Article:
What Is Nutmegging in Soccer?

Have you ever heard the term nutmeg used regarding the game of soccer and been completely confused by the meaning? If so, you are not alone. In this article, we will aim to clarify how the term is used.

What Is a Nutmeg in Soccer?

Simply put, a nutmeg is an action of intentionally playing the ball between an opponent's legs in order to advance past them and retrieve the ball again on the other side.

A soccer player nutmegging an
A nutmeg is the process of playing the ball through an opponent's legs.

Nutmegging an opponent is regarded as a highly skillful technique, that is most likely to be attempted by the more creative, attacking players in the team. A player in a defensive position is less likely to attempt to nutmeg an opponent because, in most scenarios, a failed nutmeg will result in a turnover of possession to the opposing team.

Although nutmegging can be a very effective way of going past a player, it can also be deemed as a form of showboating and can be seen as humiliating and embarrassing for any player on the receiving end, potentially resulting in jeers and taunts from other players on the field.

People laughing at player that has been
Being nutmegged can be humiliating for the player on the receiving end.

What Is the Origin of Nutmeg in Soccer?

There does not appear to be a consensus on the origin of the term, however, some theories have been proposed.

  • In his book 'Football Talk - The Language And Folklore Of The World's Greatest Game', Peter Seddon suggests that the term comes from a trick that was used when exporting nutmeg between North America and England. Wooden replicas of the nutmeg were mixed into the sacks to fool the traders into thinking that they were receiving more nutmeg than they actually were.
  • Another theory is proposed by Alex Leith, in his book 'Over the Moon, Brian - The Language of Football'. It is suggested that the word 'nuts' refers to the testicles of the player whose legs the ball is played through.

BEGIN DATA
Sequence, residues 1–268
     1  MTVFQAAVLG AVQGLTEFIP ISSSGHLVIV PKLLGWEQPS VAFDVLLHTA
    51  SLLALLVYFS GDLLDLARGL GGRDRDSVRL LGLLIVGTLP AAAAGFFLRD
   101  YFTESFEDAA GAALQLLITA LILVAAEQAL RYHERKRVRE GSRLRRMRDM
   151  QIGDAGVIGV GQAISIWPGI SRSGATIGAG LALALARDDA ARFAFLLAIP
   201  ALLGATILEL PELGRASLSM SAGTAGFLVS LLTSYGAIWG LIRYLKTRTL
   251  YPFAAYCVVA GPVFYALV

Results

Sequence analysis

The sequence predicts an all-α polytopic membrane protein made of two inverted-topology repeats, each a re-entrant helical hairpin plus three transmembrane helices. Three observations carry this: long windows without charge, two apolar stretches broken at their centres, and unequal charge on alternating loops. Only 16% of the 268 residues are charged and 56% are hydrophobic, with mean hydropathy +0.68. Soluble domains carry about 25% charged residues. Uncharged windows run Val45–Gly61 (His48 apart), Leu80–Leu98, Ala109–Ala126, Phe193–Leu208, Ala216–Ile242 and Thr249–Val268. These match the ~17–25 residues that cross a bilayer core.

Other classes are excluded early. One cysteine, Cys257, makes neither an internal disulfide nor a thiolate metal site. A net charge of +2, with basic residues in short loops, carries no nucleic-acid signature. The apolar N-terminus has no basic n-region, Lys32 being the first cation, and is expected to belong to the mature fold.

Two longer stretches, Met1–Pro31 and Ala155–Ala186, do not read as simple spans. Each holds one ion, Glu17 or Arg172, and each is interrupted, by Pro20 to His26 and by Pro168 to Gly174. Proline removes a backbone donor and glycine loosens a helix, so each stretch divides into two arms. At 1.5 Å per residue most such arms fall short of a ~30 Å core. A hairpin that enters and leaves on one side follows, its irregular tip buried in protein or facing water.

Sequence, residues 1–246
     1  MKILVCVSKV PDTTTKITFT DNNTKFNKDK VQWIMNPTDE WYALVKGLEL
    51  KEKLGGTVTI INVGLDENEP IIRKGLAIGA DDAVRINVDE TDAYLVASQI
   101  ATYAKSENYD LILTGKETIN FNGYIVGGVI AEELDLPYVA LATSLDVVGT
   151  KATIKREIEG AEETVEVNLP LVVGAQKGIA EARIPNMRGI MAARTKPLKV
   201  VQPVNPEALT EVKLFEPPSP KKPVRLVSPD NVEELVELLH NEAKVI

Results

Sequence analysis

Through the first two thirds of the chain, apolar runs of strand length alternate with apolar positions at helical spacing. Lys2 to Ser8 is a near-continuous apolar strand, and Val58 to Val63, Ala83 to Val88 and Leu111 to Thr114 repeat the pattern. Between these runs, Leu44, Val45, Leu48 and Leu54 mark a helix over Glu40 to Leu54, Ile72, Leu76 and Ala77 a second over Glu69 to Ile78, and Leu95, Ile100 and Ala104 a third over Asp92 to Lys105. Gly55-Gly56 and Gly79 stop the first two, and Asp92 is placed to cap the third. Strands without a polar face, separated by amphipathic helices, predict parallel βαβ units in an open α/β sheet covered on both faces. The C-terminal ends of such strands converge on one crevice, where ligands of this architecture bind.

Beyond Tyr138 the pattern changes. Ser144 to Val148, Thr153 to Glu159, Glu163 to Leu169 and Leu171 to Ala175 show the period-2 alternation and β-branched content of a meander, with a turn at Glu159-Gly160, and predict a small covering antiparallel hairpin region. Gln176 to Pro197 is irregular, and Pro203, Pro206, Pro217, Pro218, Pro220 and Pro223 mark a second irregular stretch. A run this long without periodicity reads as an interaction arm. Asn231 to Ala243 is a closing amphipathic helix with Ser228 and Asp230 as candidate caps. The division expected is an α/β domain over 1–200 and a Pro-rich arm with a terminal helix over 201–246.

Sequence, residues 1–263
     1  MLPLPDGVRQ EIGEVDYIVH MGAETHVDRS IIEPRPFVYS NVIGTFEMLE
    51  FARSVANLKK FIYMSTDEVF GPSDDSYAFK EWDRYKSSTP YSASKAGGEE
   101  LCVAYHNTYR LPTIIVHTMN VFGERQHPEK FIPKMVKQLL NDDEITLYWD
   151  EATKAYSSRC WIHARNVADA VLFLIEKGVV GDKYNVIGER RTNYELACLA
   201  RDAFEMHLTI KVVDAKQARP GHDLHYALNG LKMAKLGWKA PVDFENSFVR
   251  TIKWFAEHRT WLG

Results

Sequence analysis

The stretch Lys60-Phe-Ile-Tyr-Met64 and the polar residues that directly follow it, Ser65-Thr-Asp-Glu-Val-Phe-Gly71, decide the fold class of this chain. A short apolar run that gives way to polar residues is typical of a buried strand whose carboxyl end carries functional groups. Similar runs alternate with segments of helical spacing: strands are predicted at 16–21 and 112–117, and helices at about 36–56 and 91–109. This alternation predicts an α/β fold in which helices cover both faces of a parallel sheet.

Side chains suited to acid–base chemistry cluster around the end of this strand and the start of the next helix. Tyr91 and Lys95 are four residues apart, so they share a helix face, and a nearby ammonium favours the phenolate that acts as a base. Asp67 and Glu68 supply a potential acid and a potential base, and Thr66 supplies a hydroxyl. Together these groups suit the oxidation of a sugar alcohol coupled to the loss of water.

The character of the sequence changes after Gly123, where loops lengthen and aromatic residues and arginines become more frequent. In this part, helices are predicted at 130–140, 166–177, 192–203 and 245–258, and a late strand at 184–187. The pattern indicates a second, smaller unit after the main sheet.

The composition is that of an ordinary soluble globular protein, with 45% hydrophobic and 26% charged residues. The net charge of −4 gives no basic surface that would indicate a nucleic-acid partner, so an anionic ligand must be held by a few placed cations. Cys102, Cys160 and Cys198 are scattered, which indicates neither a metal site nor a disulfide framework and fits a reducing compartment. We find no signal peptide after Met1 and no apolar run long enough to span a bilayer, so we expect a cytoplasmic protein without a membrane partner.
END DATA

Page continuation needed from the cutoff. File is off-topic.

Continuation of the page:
• The final suggestion is that the term derives from cockney rhyming slang, using the word nutmeg to mean leg.

"Being nutmegged soon came to imply stupidity on the part of the duped victim and cleverness on the part of the trickster."

- 'Football Talk - The Language And Folklore Of The World's Greatest Game'

Nutmeg Specialists

  1. Ronaldinho

    The Brazilian is considered by many to be one of the best players of all time and is famously known for his flair and creativity.

  2. Luis Suarez

    Luis Suarez has been consistently performing nutmegs on his opponents throughout his career. During the 2012/2013 season with Liverpool, Suarez completed 36 nutmegs during the season. In comparison, Lionel Messi completed 21. Suarez became so famous for completing nutmegs, that the Liverpool fans joked that he 'could nutmeg a mermaid'.

Who Has the Most Nutmegs?

The record for most nutmegs in a season in recent history is currently held by Paris Saint-Germain, with a total of 62, set in the 20/21 season. Following them are Paderborn and Liverpool, both with 42, set in the 19/20 and 18/19 seasons respectively. In third place are Barcelona and Chelsea with 41, set in the 17/18 season.

Language Variations

The term nutmeg is mostly used in English-speaking countries, and can sometimes be shortened to just "nuts" or "megs".

Other countries use different terminology for the same technique.

  • "Tunnel" is used in Spanish-speaking countries, Portugal, Scandinavia, Germany, and Italy.
  • France uses the term "petit pont", which translates to "little bridge".
  • In Brazil, it is known as a "caneta" (pen), "janelinha" (little window), "rolinho" (little roll), "ovinho" (little egg), or tabaca.


The technique of nutmegging can be very popular in street-soccer, and was taken so seriously by some, that a whole new game has evolved from it called "Panna". The game can be played one vs one, in a small 6 metre diameter field, with a time limit of three minutes. A player can win the game by scoring more goals than their opponent, or by simply completing a single nutmeg (or "panna").


Are nutmegs overrated in soccer?

Some would argue that performing a nutmeg simply for the sake of it, and with no end product, is nothing more than showboating and could be considered overrated, as it does nothing to help the team to win the game. Others would insist that the nutmeg is just as exhilarating as scoring a goal, and is one of the best techniques to perform during a game. The ideal combination would be to perform a nutmeg and then continue with a meaningful contribution to the attack.

How do you avoid getting nutmegged?

The best tip to avoid getting nutmegged is to focus on your stance. Avoid positioning yourself face-on to the defender, with your legs apart. Instead, position yourself at an angle, and stagger your feet, with one foot closer to the opposing player. This stance also has the advantage of allowing you to turn quicker and chase the opponent if they do manage to play the ball past you.